Adolescents and young people, aged between 10 and 24 years, make up about a third of the total population in eastern and southern Africa. The growing proportion of youths has great potential to positively impact countries in the region. Yet, youths are often economically and socially excluded, and their voices are seldom heard on policy matters.
Malter Vilakati knows the challenges of undertaking trade as an economic activity across borders in the SADC region. And she knows how much progress has been made to ensure that these economic opportunities are available to women.
Vilakati is a 63-year-old cross border trader from Manzini in Swaziland. In July 2013, she was part of the women traders group that formed the Women Cross Border Traders Forum with the support of the Southern Africa Trust. This forum ensures women are participating in economic empowerment initiatives in the SADC region.
Southern Africa Trust partnered with key stakeholders to foster new opportunities for intra-regional trade and investments during the SADC Industrialisation Week held in South Africa.
The second SADC Industrialisation Week took place from 31 July – 04 August 2017 in Sunninghill, Johannesburg, under the theme Partnering with the Private Sector in Developing Industry and Regional Value Chains.
Representatives from civil society, government and the private sector met in Mbabane, Swaziland, in August to discuss migration issues in the SADC region.
The meeting, at the Turns George Hotel in Swaziland from 3-4 August 2017, was attended by more than 30 representatives from various Swazi sectors. Speakers included Mr. Douglas Dlamini from the Ministry of Labour and Social Security; Ms. Mpilo Shange-Buthane from Consortium For Refugees and Migrants in South Africa (CoRMSA); Mr. Ncedi Magagula from Swaziland Inter-State Organisation; Mr. Vulindele Msibi from CCM Global Fund; Ms. Tholakile Ntuli from Apex Cross Border Traders; Mr. Sipho Jeli from Turn Wheel Association; Mr. Vama Jele from Swaziland Migrant Mineworkers Association (SWAMMIWA); Mr. Gideon Lukhuleni an Ex-miner; and Mr. Emmanuel Ndlangamandla of Coordinating Assembly of NGOs (CANGO).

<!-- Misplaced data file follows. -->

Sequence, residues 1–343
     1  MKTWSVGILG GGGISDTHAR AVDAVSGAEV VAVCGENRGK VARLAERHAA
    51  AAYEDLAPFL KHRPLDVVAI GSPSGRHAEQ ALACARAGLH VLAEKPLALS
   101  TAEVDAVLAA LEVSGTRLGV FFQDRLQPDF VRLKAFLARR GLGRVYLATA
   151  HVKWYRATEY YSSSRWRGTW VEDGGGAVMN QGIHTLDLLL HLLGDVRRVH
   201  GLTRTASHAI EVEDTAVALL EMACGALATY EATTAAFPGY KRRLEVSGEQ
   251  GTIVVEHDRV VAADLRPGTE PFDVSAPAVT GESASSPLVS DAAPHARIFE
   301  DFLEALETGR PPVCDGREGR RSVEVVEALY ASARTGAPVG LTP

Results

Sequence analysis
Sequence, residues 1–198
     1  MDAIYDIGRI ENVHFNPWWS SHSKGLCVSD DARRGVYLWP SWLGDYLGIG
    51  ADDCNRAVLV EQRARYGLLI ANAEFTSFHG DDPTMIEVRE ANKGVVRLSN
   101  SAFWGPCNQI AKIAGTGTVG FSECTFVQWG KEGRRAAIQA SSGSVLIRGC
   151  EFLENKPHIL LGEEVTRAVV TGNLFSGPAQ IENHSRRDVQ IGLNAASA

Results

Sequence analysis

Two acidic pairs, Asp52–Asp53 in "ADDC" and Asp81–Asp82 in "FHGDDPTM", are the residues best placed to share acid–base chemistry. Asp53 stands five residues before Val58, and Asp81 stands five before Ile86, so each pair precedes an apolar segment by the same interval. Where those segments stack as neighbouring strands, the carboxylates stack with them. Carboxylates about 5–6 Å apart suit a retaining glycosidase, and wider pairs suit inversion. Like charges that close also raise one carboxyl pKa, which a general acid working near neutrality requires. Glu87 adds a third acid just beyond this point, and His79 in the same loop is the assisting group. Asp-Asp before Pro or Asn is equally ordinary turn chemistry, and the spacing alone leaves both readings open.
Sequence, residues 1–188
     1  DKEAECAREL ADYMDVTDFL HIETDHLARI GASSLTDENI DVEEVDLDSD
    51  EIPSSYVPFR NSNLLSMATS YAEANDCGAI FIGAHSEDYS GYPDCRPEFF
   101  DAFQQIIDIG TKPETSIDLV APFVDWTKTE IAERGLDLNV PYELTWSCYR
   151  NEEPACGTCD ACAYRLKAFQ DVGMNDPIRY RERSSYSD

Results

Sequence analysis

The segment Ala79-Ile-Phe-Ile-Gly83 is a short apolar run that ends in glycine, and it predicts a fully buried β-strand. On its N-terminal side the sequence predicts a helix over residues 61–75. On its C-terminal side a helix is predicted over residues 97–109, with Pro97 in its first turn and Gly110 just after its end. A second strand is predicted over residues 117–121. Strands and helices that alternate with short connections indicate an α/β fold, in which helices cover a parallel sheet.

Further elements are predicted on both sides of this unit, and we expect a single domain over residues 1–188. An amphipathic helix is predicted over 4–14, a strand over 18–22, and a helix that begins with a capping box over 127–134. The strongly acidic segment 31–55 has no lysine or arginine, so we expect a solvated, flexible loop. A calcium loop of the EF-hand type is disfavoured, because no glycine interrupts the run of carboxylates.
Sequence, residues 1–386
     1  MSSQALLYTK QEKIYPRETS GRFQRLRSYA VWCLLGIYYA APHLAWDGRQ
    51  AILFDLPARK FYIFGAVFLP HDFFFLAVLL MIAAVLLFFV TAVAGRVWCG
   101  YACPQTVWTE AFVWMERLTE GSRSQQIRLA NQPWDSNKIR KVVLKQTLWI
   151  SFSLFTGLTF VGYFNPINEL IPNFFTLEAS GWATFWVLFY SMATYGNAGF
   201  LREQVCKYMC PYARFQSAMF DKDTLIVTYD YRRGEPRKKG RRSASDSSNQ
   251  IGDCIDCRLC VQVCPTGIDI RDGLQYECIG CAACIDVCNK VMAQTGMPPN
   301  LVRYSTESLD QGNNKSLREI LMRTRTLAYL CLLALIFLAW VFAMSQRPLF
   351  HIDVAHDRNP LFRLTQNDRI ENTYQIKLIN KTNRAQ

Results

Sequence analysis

High volumes of movement in the Southern African Development Community is attributed to historical precedents, socio-economic challenges as well as people fleeing conflict, crisis or persecution. In addition, industrialisation in countries such as South Africa and Botswana has also attracted migrant labour seeking better lives. The Regional Platform on migration in the SADC region was formed in August 2016 following a partnership between the Southern Africa Trust and CoRMSA in order to coordinate migration dialogues between government and civil society organisations at national and regional levels and work towards a formalized mechanism. The platform will focus on creating opportunities and dialogue for the voices of migrant workers to be heard, to address their issues and promote their rights both at regional and national level.